The major championships for 2016 are done and dusted (or Danny and Dustin, if you like, as regards the first two) earlier than usual this season because of golf’s participation in the Olympic Games. More about that in a fortnight, but let’s reflect here on what three men did in 2016 and which had happened as many as 27 time before. That is, to shoot 63 in a major championship.

The 2016 threesome, taking the total to 30, were Phil Mickelson, Henrik Stenson and Robert Streb. There have been 28 golfers involved in compiling that number: Greg Norman and Vijay Singh have each done it twice. Seven of the 30 went on to win the championship in question (see the table below): Johnny Miller, Jack Nicklaus, Raymond Floyd, Norman (in 1986), Tiger Woods, Jason Dufner and Stenson. Of those seven, the only two to ride their 63 to victory in the final round were Miller, the first man to shoot that score, and Stenson, who would have been the most recent had Streb not cropped up.

After Streb’s second-round 63 last month in the USPGA Championship at Baltusrol (the scene of two 63s in 1980 and one in 2005), Mickelson, noting the generous scoring conditions – smooth greens with the receptivity of a dartboard – said: “There is a 61 or 62 out there.”

But, so far, there never has been. Phil had come agonisingly close himself at Troon a fortnight before, his putt for a 62 looking in all the way until an invisible gopher, as if in Caddyshack, popped out of the cup to deflect the ball away. That’s the only explanation I can offer as to why it didn’t go in. Tiger had come as close with his putt for a 62 at Southern Hills in 2007, in his case the ball taking a horseshoe rather than the drop. But closest of all may have been Greg in the 1986 Open at Turnberry. Despite having had two bogeys, he stood on the 18th tee needing a par-four for a 62. He had a 10-yard putt for a 61. He three-putted it. Some things are just not meant to be. Maybe this one never will be?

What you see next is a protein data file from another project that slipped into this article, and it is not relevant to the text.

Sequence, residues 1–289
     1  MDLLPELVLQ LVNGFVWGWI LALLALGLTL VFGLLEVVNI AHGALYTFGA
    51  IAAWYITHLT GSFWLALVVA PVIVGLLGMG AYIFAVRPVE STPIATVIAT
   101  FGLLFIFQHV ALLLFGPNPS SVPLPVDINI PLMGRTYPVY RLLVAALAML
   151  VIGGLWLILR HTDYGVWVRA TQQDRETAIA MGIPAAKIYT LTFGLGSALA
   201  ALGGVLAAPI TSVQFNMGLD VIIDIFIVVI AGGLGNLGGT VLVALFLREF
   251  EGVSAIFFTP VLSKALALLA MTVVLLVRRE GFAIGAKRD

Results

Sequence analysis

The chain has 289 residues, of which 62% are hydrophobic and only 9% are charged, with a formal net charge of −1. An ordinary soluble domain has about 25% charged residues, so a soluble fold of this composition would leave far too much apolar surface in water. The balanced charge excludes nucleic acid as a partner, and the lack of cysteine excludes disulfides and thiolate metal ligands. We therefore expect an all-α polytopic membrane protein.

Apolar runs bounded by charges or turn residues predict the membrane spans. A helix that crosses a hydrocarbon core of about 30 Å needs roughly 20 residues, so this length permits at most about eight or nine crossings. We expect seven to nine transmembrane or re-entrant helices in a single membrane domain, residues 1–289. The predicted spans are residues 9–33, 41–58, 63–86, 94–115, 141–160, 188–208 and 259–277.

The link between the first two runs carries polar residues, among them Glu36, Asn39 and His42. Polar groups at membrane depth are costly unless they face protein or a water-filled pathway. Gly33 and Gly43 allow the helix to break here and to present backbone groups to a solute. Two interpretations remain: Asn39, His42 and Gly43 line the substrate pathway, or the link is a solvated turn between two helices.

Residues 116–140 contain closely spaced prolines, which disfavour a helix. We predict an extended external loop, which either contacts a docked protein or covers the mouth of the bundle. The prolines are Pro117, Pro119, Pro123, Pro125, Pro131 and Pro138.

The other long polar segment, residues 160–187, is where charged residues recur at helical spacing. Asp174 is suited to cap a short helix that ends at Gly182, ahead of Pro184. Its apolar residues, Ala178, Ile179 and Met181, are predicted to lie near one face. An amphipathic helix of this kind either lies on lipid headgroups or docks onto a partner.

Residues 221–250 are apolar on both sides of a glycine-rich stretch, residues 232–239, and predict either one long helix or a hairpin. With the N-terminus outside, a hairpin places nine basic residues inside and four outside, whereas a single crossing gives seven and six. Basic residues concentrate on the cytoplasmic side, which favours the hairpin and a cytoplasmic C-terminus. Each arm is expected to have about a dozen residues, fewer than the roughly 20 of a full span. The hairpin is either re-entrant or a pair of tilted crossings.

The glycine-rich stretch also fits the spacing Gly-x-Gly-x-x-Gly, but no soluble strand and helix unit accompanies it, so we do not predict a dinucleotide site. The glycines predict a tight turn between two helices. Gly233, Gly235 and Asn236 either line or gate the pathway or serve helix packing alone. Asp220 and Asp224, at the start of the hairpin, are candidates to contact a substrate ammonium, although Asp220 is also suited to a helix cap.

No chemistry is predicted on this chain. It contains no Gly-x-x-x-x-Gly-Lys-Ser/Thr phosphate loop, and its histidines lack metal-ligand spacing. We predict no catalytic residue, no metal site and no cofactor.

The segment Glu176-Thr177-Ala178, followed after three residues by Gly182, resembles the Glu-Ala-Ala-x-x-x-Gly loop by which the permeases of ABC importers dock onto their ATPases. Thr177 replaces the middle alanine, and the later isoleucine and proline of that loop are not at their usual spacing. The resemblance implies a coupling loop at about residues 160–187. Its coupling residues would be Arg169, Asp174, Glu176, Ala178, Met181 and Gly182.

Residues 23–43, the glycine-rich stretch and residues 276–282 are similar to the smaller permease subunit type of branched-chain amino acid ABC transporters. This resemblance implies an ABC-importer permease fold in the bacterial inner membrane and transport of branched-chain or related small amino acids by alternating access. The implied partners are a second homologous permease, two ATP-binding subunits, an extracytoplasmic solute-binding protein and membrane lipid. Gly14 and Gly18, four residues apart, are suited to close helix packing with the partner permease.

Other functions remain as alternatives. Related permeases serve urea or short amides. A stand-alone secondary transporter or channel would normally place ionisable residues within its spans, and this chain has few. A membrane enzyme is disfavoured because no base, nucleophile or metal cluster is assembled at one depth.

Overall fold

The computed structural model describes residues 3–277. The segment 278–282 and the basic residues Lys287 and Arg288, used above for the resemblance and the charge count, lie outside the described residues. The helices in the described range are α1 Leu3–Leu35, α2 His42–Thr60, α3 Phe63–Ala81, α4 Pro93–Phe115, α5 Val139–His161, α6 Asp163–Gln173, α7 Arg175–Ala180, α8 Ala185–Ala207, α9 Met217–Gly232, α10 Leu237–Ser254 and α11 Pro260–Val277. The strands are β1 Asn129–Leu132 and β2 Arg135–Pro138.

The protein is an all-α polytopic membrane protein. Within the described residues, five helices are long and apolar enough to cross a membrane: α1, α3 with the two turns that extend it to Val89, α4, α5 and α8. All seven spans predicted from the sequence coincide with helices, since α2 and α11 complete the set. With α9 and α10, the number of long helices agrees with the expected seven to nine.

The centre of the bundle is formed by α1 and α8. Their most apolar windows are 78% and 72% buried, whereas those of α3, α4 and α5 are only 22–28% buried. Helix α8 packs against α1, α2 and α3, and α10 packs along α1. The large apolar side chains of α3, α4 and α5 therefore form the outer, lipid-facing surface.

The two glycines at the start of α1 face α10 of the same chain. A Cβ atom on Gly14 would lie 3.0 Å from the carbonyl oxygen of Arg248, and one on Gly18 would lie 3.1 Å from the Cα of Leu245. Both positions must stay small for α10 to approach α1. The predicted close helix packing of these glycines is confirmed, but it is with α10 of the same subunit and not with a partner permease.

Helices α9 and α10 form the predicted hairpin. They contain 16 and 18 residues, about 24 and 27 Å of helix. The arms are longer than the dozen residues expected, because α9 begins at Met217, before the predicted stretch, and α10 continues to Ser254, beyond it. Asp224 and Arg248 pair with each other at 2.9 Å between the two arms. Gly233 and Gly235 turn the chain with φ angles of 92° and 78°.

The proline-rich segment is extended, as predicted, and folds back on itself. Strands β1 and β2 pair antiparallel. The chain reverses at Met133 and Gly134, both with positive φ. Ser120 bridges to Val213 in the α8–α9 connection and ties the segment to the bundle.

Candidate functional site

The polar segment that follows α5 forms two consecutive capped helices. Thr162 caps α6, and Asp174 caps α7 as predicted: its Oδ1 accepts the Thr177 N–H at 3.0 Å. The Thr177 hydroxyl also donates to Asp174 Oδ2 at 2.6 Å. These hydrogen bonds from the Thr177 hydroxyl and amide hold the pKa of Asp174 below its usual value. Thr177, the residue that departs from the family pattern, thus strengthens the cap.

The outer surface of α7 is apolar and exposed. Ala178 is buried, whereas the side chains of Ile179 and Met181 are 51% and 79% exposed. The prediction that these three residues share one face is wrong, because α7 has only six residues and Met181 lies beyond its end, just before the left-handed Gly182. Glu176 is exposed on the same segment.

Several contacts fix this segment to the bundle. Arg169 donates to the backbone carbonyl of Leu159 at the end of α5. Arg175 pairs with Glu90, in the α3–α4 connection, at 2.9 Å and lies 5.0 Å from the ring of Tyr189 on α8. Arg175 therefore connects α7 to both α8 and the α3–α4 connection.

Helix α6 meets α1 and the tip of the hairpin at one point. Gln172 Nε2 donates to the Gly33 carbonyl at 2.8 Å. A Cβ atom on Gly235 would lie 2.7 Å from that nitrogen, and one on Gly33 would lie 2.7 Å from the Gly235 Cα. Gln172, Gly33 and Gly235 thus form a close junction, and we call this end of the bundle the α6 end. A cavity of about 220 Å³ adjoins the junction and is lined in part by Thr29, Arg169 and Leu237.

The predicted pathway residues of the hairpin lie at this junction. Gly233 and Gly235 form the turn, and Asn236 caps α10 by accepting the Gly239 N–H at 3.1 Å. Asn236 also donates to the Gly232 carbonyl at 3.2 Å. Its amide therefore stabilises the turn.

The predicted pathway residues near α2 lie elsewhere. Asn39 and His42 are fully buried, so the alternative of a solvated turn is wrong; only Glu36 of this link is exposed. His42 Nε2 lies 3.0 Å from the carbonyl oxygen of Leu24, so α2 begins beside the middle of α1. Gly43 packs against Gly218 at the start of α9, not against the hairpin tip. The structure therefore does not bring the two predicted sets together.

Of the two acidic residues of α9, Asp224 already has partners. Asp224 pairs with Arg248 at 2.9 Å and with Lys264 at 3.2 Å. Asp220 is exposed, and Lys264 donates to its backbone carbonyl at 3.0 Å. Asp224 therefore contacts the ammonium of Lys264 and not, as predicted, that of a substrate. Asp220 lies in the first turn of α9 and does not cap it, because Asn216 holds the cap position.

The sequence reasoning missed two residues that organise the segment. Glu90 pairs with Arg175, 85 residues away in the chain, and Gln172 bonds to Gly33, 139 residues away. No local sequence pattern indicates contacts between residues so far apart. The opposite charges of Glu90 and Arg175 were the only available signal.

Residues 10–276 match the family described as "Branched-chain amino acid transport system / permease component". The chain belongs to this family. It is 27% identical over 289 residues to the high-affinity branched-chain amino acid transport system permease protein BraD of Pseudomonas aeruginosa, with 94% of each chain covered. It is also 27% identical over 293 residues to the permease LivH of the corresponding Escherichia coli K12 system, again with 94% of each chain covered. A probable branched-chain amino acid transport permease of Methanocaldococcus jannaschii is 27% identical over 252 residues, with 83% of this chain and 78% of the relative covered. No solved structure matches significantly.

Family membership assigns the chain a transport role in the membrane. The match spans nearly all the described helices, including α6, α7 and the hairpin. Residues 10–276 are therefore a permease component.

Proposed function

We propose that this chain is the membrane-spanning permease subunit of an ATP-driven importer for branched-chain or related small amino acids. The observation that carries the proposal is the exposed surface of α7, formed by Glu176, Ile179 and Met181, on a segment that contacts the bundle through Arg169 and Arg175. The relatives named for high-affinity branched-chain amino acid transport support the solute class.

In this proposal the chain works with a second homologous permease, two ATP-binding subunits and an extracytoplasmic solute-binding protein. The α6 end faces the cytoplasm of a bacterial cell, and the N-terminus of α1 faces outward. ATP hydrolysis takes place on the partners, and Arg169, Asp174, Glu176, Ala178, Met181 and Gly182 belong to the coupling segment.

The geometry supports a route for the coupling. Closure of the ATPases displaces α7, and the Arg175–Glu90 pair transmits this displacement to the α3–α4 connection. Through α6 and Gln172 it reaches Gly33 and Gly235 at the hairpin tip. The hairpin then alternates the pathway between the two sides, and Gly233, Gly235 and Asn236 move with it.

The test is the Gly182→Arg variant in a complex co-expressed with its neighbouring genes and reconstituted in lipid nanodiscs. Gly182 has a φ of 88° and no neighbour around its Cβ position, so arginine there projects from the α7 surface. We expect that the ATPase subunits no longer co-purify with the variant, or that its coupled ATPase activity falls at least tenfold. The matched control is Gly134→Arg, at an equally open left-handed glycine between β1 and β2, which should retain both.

Johnny Miller, final round 1973 US Open
Bruce Crampton, second round 1975 USPGA
Mark Hayes, second round 1977 Open
Tom Weiskopf, first round 1980 US Open
Jack Nicklaus, first round 1980 US Open
Isao Aoki, third round 1980 Open
Raymond Floyd, first round 1982 USPGA
Gary Player, second round 1984 USPGA
Nick Price, third round 1986 Masters
Greg Norman, second round 1986 Open
Paul Broadhurst, third round 1990 Open
Jodie Mudd, final round 1991 Open
Nick Faldo, second round 1993 Open
Payne Stewart, final round 1993 Open
Vijay Singh, second round 1993 USPGA
Michael Bradley, first round 1995 USPGA
Brad Faxon, final round 1995 USPGA
Greg Norman, first round 1996 Masters
José Maria Olazábal, third round 2000 USPGA
Mark O’Meara, second round 2001 USPGA
Vijay Singh, second round 2003 US Open
Thomas Bjorn, third round 2005 USPGA
Tiger Woods, second round 2007 USPGA
Rory McIlroy, first round 2010 Open
Steve Stricker, first round 2011 USPGA
Jason Dufner, second round 2013 USPGA
Hiroshi Iwata, second round 2015 USPGA
Phil Mickelson, first round 2016 Open
Henrik Stenson, final round 2016 Open
Robert Streb, second round 2016 USPGA

Robert Green’s ‘Seve: Golf’s Flawed Genius’ is available on Amazon. You can follow him on Twitter @robrtgreen